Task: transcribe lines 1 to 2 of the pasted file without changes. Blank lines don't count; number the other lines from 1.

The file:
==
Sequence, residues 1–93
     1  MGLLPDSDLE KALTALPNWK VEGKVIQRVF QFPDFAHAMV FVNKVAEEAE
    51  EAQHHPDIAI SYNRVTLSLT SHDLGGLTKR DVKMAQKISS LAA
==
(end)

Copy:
Sequence, residues 1–93
     1  MGLLPDSDLE KALTALPNWK VEGKVIQRVF QFPDFAHAMV FVNKVAEEAE